Jason MoranLast week pianist Jason Moran spent some time at the Kennedy Center teaching grade-schoolers about his approach to jazz. No doubt some grown-ups who attended Moran's concert at the KC Jazz Club on Saturday night could have used a few pointers, too. After all, Moran likes to keep audiences guessing. "Break down the barriers," a sampled mantra that appears on the pianist's latest CD, "Artist in Residence," was the principal theme Saturday night. But Moran and his Bandwagon (bassist Tarus Mateen and drummer Nasheet Waits) performed a program that didn't cross jazz and various pop genres -- from vintage piano-thumping blues to hip-hop -- so much as connect the dots between them.
Moran often made these connections abruptly -- he's clearly fond of jarring transitions -- but he never appeared ill at ease with a particular mood or movement. Just when you thought he might become preoccupied with tape loops or splintered funk beats, he'd remind you of his firm grounding in swing and bop traditions. A tune composed by Jaki Byard, his late mentor, demanded a strong, old-school left hand and enough rhythmic swagger to fuel an all-night gig at a strip joint. Moran responded accordingly. By contrast, the pianist favored a loping pulse and some left-handed kneading on "Arizona Landscape," as if conjuring a soundtrack for a postmodern western.
Pieces drawn from "Artist in Residence" and its predecessor "Same Mother" shaped the opening set, and though they were pared to the essentials, Moran could always count on Mateen and Waits to keep things interesting and, quite often, surprising.
-- Mike JoyceTafelmusikThe celebrated Canadian baroque ensemble Tafelmusik presented an eclectic concert woven into the fabric of Vivaldi's "Four Seasons" Friday night at the Clarice Smith Performing Arts Center. The concertos were interspersed with season-themed performances by Wen Zhao on the pipa (an ancient Chinese lute); Aruna Narayan on the sarangi (a similar, smaller Indian instrument played with a bow); and, most delightfully, Inuit throat singers Sylvia Cloutier and June Shappa, whose guileless delight in their art had the audience giggling along with them. The conceit was that all of the music was contemporaneously composed at various spots around the globe, and that this was a sort of 1720s "world music" retrospective.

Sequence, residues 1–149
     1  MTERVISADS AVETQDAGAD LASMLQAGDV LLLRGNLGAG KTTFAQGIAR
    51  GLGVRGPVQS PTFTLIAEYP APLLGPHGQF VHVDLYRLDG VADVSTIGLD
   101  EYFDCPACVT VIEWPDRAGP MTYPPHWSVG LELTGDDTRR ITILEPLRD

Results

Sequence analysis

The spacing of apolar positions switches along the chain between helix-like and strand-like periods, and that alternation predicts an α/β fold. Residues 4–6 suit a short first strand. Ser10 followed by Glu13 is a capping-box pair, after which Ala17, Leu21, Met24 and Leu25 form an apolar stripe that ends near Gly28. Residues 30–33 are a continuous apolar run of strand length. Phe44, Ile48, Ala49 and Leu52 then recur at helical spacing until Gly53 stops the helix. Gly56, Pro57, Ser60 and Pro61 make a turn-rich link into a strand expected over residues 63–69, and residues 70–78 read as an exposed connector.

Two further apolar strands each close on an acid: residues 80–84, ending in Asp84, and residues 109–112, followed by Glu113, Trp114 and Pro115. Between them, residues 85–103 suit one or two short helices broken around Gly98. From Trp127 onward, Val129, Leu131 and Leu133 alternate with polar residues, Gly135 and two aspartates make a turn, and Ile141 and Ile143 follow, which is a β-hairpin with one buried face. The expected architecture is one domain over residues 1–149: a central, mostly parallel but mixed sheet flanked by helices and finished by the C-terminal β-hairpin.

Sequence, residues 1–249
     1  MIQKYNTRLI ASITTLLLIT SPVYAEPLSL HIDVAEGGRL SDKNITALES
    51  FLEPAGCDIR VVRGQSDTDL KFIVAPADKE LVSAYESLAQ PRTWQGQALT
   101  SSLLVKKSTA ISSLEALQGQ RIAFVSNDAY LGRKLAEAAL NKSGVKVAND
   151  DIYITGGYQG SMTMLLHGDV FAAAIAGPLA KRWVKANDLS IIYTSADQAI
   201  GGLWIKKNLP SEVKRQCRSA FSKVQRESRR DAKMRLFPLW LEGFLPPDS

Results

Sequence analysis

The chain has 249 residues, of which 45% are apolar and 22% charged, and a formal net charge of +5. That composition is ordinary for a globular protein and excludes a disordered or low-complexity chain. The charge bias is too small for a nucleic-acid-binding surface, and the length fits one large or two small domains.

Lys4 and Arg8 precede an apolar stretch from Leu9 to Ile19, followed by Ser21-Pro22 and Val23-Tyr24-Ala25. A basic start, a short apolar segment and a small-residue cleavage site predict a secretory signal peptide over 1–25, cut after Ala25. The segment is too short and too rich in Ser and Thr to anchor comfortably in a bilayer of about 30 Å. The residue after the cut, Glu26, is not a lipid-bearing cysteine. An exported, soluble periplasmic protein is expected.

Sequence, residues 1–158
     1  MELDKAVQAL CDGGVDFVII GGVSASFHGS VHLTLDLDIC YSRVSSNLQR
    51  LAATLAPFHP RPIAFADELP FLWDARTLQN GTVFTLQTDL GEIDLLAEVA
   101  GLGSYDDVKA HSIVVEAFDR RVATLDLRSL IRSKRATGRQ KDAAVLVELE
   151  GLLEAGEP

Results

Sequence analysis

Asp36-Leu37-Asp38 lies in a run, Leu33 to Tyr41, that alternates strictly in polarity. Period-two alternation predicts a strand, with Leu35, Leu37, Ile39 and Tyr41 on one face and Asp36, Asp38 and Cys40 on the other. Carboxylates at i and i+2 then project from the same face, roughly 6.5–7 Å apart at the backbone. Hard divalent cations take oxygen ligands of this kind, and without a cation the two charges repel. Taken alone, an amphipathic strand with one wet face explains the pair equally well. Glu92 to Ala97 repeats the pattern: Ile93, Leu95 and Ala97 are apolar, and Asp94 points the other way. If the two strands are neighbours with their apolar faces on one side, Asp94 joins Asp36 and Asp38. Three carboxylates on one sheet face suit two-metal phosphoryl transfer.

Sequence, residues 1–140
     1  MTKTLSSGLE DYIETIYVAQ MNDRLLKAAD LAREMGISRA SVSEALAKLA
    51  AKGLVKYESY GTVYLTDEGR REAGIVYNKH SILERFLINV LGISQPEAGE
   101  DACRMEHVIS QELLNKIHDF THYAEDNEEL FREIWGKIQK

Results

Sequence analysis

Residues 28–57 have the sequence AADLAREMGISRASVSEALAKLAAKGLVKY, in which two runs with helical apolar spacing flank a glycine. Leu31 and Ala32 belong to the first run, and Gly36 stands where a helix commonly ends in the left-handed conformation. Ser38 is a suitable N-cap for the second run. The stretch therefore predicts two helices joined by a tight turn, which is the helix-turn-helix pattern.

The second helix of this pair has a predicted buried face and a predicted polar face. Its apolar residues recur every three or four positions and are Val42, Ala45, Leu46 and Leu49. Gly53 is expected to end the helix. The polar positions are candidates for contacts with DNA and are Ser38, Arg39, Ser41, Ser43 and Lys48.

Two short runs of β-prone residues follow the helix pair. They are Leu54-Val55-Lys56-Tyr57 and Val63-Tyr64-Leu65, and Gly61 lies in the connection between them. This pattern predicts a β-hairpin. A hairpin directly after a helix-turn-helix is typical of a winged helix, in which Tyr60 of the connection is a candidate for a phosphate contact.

The evening was capped off by a free arrangement of Vivaldi's final "Winter" concerto by Canadian film composer Mychael Danna that undertook to incorporate all four genres. While no evidence was given that the non-Vivaldi music actually was written during that time, the concert was nonetheless a highly enjoyable sampler.
Tafelmusik has forged an easy, confident style over a quarter-century. Its special sound comes from authentic instruments or reproductions (the violinists used neither shoulder pads nor chin rests), gut strings and baroque bows, all underpinned by a gentle, refulgent continuo (both harpsichord and bass lute). The solos were spread democratically among four members, including the director, Jeanne Lamon. All struggled with intonation somewhat, but Julia Wedman conveyed the most pathos and fantasy in her solo turn in "Summer." The guest artists were all marvelous.
-- Robert BatteyBerlin Piano Quartet The Berlin Piano Quartet is actually two ensembles. Violinist Burkhard Maiss, violist Philip Douvier and cellist Bogdan Jianu have successfully toured for a dozen years as the Jacques Thibaud String Trio. With the addition of pianist Tao Lin in 2000, the group became the Berlin Piano Quartet. Both iterations made an appearance at Dumbarton Church on Saturday evening, starting with the trio playing Douvier's transcription of Schubert's Sonatina in D, D. 384 (originally for violin and piano). Not one of the composer's more profound utterances, it is nevertheless a tender, gracefully melodic piece that lost little in this strings-only translation -- particularly when played with the elegance and finely gauged balance between instrumental voices these musicians supplied.
Joined by Lin, the quartet played two works steeped in full-hearted 19th-century romanticism: Schumann's exuberant Piano Quartet in E-flat, Op. 47, and, as the main course, Mendelssohn's turbulent, rhapsodic Piano Quartet in B Minor, Op. 3. In both works, the strings created a satisfying marriage between spontaneous-sounding phrasing and disciplined technical finish, their timbres unfailingly sweet and tellingly blended.
Lin's liberal pedaling and understated dynamics rendered the keyboard parts less boldly individual than in some other pianists' hands, but his playing fit hand-in-glove with the smooth finish of his string partners. All four musicians met the athletic demands of the more extroverted writing in both scores, and brought Mendelssohn's three allegro movements to exhilarating conclusions.
-- Joe Banno